I'm researching what insurance companies advise businesses to limit liabilities during holiday party season. It's astounding how many of them say, in 2019, that to avoid sexual harassment claims, companies should have a dress code for their office parties, to "avoid provocative clothing".
Here's one employment practices liability insurance "example" of how such a policy can be beneficial to the company that takes it.
Obviously, the language used here is written with mind to sell this policy. So is it perfectly normal for a company to have an insurance company pay their legal fees while they continue to ignore the root cause of the problem?
@Vishsai I think not! I think this is something insurance companies just seem to tell clients because it's a very normal thing to say? Must do more research now that I skimmed this surface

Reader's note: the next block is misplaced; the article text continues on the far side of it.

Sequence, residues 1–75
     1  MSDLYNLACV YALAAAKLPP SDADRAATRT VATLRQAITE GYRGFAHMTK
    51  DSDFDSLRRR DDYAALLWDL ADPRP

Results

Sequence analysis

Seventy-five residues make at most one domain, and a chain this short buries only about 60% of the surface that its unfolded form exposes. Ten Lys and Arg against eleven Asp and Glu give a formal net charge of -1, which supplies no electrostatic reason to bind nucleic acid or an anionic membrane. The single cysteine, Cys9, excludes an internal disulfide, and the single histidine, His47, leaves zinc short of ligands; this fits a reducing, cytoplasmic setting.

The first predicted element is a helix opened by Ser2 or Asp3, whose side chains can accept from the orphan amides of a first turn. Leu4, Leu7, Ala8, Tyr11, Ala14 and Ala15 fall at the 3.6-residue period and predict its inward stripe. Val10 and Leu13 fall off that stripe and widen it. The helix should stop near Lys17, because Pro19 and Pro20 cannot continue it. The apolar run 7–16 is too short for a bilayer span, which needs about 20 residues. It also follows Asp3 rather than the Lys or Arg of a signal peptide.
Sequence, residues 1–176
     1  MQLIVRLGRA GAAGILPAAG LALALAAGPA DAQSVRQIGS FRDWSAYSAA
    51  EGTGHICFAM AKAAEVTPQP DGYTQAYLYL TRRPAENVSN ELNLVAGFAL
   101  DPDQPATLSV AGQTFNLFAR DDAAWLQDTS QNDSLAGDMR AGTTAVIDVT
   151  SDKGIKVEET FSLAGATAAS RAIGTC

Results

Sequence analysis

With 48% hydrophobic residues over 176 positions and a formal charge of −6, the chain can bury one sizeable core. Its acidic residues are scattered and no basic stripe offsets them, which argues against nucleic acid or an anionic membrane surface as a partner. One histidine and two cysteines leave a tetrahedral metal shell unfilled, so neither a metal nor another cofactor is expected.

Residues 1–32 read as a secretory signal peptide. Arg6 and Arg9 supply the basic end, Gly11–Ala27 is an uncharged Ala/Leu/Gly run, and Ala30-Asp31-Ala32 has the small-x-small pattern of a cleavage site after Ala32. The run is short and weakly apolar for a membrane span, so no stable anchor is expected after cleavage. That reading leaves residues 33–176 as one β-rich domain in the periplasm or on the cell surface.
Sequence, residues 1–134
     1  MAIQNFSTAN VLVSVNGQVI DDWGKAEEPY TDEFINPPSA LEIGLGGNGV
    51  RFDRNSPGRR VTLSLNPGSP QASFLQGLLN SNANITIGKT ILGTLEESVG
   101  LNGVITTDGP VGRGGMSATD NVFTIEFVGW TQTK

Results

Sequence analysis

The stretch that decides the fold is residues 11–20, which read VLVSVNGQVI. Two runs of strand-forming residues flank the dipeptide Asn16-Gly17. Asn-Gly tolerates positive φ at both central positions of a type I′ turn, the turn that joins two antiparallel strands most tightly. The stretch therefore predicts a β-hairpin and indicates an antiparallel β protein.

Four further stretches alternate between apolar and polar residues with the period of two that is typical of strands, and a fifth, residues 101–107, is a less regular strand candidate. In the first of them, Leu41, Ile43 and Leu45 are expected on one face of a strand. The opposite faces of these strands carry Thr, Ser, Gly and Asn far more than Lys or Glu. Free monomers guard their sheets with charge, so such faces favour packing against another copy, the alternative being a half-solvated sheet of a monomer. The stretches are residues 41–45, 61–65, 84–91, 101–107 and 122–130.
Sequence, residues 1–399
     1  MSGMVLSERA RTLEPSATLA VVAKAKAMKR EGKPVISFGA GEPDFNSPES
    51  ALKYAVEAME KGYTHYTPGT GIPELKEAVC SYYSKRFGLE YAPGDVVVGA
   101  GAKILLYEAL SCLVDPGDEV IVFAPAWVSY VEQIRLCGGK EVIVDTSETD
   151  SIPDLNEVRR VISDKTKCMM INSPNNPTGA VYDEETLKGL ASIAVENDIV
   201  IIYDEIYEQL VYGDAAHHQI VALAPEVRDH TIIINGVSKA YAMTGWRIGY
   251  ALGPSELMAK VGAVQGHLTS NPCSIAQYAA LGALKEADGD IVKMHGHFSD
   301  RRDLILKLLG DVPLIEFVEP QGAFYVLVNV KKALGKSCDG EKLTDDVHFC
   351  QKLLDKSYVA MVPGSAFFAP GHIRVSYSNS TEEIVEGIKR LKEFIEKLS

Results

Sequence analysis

@Neeneen Sounds wrong to me. I mean they are basically saying that "it is expected that you will be harrased so herez a scheme!"
@ninad right? There are provisions for this, covered under "employment practices" insurance plans. I want to find studies or articles (something that isn't muddled up in insurance/legal jargon) about how this affects the person who is suing and what really happens to the company in terms of claims.
@Neeneen This is ridiculous. If anything, it's the women who should be offered legal assistance against corporates.
@ninad 🤷 that's corporate capitalism
But this is something to note: the next time someone says that they fought and won/lost a harassment lawsuit against a major corporate, and the company "settled" it, we must bear in mind that their insurance company must've taken care of most of their expenses. Business would go on.
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